UK Prime Minister Vows No Return to Hard Border with Ireland


A Department for Transport spokesman said: "While the transport secretary strongly supports work across government with the European Union to ensure a deal is reached, he will also continue to lead the DfT to ensure all contingencies are prepared for concerning Brexit".

Then there was this answer she gave to our colleagues at UTV during a press conference earlier in the day: "I'm not proposing to persuade people to accept a deal that doesn't contain that insurance policy, what Parliament has said is it wants changes to the backstop".

May plans to meet with European Commission President Jean-Claude Juncker and Brexit negotiator Michael Barnier to discuss the backstop.

"Let's look for a solution, a better Brexit deal", said she.

She spoke with business leaders in Tokyo on Tuesday, telling them that despite the March 29 deadline and Brussels rejecting any renegotiation of the existing agreement, there was still time for Britain to reach some kind of arrangement with the bloc.

"The current backstop... is so toxic to those of us living in Northern Ireland", she said.

Downing Street said Mrs May had warned the weekly meeting of the Cabinet that the talks with Brussels would not be easy.

One minister told the Times that while May had to pay "lip service" to the plan, it could not work because: "It doesn't protect the Good Friday agreement, it isn't practical for business and it is not negotiable with Europe".

The suggestion, made "personally" and not on behalf of the committee, was received "courteously", he said, but Brussels is waiting for May to say what she wants.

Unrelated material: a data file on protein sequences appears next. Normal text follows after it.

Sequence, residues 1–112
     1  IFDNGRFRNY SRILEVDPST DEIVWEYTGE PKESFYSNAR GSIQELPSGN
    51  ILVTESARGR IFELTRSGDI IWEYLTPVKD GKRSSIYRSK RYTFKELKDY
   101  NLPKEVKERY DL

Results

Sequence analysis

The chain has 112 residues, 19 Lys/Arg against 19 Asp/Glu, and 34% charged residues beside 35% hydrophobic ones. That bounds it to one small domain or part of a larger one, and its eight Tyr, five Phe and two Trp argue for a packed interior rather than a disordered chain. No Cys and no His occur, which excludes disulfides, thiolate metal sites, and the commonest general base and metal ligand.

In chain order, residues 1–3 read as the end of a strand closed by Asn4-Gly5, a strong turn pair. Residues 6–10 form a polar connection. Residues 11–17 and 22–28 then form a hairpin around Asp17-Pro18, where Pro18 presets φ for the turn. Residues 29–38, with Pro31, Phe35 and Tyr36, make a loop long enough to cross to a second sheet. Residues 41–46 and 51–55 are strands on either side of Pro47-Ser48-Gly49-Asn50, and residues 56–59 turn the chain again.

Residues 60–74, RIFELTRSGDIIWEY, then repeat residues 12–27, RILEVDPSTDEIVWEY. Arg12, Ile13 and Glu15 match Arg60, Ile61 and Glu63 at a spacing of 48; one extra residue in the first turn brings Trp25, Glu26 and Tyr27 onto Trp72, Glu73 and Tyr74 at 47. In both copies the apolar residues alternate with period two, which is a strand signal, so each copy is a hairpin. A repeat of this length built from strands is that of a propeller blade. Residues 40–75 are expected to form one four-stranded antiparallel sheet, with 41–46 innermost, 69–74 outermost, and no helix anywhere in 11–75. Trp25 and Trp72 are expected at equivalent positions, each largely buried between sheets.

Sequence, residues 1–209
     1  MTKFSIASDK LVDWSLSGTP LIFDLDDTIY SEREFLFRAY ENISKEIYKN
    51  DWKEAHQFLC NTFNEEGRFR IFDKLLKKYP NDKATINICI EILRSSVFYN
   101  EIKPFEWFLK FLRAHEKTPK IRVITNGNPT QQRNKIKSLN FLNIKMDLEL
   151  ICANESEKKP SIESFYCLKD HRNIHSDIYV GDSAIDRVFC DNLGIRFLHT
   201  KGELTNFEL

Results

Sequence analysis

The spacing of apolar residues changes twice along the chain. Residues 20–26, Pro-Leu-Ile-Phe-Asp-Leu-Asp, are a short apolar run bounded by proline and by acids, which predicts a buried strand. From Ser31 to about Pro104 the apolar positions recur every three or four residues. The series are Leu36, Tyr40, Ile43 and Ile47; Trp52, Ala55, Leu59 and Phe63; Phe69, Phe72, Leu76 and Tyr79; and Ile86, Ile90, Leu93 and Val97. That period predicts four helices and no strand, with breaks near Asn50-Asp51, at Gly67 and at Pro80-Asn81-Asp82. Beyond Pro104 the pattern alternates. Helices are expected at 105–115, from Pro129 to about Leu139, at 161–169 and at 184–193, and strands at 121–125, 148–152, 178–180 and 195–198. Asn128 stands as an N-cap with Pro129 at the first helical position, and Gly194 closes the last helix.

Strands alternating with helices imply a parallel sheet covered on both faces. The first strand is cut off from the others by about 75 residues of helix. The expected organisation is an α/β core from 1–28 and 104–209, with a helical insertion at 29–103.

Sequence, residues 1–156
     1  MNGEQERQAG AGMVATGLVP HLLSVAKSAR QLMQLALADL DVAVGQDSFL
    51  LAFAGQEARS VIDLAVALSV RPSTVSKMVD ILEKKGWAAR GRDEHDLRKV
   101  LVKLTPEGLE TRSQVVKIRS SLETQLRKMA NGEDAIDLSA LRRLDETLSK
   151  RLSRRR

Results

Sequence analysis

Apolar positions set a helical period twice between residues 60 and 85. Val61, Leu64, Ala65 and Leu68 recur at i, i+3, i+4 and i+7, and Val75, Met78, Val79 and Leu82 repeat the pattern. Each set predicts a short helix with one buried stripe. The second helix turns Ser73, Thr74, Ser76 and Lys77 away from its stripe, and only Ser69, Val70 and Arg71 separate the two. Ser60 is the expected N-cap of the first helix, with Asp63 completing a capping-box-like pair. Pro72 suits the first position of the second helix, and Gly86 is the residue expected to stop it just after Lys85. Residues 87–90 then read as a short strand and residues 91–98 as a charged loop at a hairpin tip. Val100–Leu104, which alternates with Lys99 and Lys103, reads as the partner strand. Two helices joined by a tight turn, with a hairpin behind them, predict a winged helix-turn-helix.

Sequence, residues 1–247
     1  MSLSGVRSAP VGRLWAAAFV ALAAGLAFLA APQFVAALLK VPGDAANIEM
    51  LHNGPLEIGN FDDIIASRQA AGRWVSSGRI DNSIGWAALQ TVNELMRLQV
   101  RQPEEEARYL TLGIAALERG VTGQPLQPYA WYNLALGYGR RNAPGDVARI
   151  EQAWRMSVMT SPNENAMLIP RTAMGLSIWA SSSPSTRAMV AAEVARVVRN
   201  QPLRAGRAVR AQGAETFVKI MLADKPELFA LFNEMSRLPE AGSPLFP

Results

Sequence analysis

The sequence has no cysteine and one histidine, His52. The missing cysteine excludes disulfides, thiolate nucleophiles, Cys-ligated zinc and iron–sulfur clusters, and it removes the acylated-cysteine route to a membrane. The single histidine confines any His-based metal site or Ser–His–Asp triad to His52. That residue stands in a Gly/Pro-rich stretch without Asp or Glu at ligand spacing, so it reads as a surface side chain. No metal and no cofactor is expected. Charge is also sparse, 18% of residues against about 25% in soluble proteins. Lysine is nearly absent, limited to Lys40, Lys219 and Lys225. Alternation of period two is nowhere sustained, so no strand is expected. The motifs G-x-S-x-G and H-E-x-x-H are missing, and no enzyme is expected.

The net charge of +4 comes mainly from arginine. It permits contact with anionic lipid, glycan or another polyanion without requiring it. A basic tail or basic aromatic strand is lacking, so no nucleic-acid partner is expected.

The DUP would overlook "misgivings" about other aspects of May's deal and support it, Foster said, if the backstop was "dealt with" - though she declined to specify how that would need to happen to secure the party's backing.

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"It is important", Donohoe said, "not to pretend that there can be what some in the United Kingdom are calling, a managed no-deal".

Labour MP Virendra Sharma, a supporter of the pro-EU Best for Britain campaign, said: 'Surely this is peak Chris Grayling, only this time he's gone worldwide.

A meeting on Monday involving Brexiteers Iain Duncan Smith, Theresa Villiers, Steve Baker and Owen Paterson, along with former Remainers Nicky Morgan and Damian Green, was described as "detailed and constructive" by the Brexit Department.

European Union leaders, however, insist the withdrawal agreement the bloc struck with May's government late past year can't be reopened.

A statement to the House of Commons would not be enough, they added, pointing out that Lord Goldsmith's comments on the legal case for the Iraq War to the Lords were far more political and less explicit than his written advice for the government, the source added.

Sinn Fein Leader Mary Lou McDonald, centre, Martina Anderson, left, and Michelle O'Neil, right, knock down a "mock" wall on the Northern Ireland/Republic of Ireland border, near Newry on January 26.

May committed to renegotiating the backstop after a majority of MPs backed a motion last week calling for alternatives to the arrangement.

Addressing businesses today, May said: "I know that many people in Northern Ireland, and indeed across this island, are anxious about what parliament's rejection of the withdrawal deal means for them".

"The problem is that none of those ideas around alternative arrangements stand up to scrutiny, we have certainly not seen any that have".